If you recently got a hot tub or swim spa, maintenance is likely one of the foremost things on your mind. Some hot tub chemicals are essential to keeping the water clean and clear. And there are those that are merely optional. The order in which you add them is also of the utmost importance. Adding the wrong chemicals in the wrong order can be a recipe for disaster. But, of course, that’s what we want to avoid. Continue reading our Hot Tub Chemicals The Ultimate Water Care Guide:
So in this article, we discuss hot-tub chemistry, knowing what chemicals to add to your hot tub, and which is optional, when, and how to add them.
If you own a swim spa, you can care for it using the same chemicals as a hot tub.
- 5 Must-Have Hot Tub Chemicals
- pH Decreasers and Increasers
- Calcium Hardness Increaser
- Scale Remover Inhibitors
- Hot Tub Shock Treatment
- Optional Chemicals Your Hot Tub Could Use
- How to Correctly Add Chemicals to Hot Tub Water
- Correct Sequence for Adding Hot Tub Chemicals
No one likes slimy algae and biofilm in their spa water. If you want to keep your hot tub clean and clear without any problems, below are essential chemicals you must add:
- pH increasers and decreasers
- Calcium hardness increaser
- Scale remover/inhibitors
- Shock Treatment
These chemicals will prevent any algae or bacteria build-up in your spa water. To keep your hot tub absolutely ugh-free, you’ll want to clean it regularly using specialized cleaning products. These products are specifically designed to kill any microorganisms and eliminate dirt rings around the tub’s rim.
So, let’s discuss the chemicals above in detail.
Chemical sanitizers help disinfect your hot-tub and prevent algae and bacteria build-up. With the right sanitizer, no germ can survive there. This means the water will always look as clean as ever.
If you don’t use sanitizer, it will be filled with slimy materials in no time. So, this is a pretty much indispensable chemical for hot tub maintenance.
There are different kinds of sanitizers, and you need to decide which to use:
Most commercial tub owners use chlorine sanitizers because it’s pretty affordable and very effective. However, as chlorine kills off contaminants, it reacts with the water and produces chloramines. Chloramines cause the odor you perceive from chlorinated water. When you perceive this smell, it usually means the chlorine has been used up, and more needs to be added.
Chlorine is available as tablets or floaters. If you use chlorine for a hot tub or your swim spas maintenance, ensure you monitor the levels so you can remove the product once the level is balanced. The correct chlorine level is 1-3 ppm.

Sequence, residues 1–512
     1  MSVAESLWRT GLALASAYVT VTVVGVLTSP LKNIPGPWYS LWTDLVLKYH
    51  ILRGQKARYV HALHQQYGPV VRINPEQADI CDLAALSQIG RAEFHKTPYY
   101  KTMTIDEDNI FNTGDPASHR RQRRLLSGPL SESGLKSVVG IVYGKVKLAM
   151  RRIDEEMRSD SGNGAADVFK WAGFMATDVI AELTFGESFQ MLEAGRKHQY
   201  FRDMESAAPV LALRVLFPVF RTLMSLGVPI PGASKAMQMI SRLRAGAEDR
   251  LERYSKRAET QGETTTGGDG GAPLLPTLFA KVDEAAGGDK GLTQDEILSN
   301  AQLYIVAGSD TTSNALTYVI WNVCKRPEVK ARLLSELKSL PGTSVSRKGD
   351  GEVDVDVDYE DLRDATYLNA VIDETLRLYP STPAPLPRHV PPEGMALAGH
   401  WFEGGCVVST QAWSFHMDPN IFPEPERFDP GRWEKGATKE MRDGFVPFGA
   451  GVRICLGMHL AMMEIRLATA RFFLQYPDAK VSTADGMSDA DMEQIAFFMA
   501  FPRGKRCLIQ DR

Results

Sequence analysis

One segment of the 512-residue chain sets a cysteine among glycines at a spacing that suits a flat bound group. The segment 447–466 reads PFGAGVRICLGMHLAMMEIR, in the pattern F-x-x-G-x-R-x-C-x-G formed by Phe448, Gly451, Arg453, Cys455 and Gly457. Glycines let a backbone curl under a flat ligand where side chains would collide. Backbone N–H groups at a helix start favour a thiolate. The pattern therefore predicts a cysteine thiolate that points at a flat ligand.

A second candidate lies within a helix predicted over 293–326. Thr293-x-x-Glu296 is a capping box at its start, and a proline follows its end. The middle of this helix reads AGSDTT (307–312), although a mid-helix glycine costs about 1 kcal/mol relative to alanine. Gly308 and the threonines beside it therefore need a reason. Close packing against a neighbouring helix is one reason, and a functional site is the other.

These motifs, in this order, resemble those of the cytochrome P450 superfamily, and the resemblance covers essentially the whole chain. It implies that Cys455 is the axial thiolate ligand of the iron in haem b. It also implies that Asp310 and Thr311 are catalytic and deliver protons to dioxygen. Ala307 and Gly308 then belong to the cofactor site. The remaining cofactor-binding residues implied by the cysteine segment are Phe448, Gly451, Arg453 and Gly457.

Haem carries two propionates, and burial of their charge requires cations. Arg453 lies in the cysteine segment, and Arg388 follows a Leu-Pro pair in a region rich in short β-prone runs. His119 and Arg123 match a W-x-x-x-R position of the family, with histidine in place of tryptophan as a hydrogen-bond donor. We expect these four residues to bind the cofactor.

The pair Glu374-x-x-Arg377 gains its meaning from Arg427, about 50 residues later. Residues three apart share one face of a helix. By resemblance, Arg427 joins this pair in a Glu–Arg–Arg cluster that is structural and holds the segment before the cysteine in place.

An excellent alternative to chlorine sanitizer is bromine. This chemical ionizes the water and causes unwanted materials to degrade. Although it doesn’t have that smell that makes people dislike chlorine, bromine also comes with its downsides. It takes longer to dissolve and can leave your skin feeling sticky.
If you must use bromine sanitizer, ensure you rinse your body with clean water after indulging in the tub. It’s also not best for outdoor use as it will sublime quickly under the sun.
While these aren’t very popular, oxygen sanitizers are designed for people with sensitive skin type. They are milder but can kill germs and bacteria just as effectively. It’s advisable to add a tablet to the water any time you enter to get the levels right.
One of the most confusing things about hot tubs is the pH. What’s the right pH level for your hot-tub? How do you get the pH levels right?
pH measures the degree of acidity or alkalinity of your tub. A high pH means the spa water is highly acidic (low alkalinity), leading to itchy skin and burning eyes. It will also prevent sanitizers from working effectively. On the other hand, low pH (low acidity and high alkalinity) can cause corrosion in the tub. The right balance is essential, making pH increasers and decreasers a must-have chemicals for your hot tub and swim spas.
The proper pH for your tub ranges between 7.4 and 7.6, while the total alkalinity should be between 80 and 120 mg/l ppm.
Add a pH decrease when your tub’s pH level rises beyond normal. And when it goes too low, add the pH increaser.
You may also decide to buy an alkalinity increaser. Note that when you lower the pH using a pH decreaser, the alkalinity also increases relatively. So having an alkalinity increaser isn’t always necessary.
In hot tub lingo, pH increasers and decreasers are known as balancing chemicals.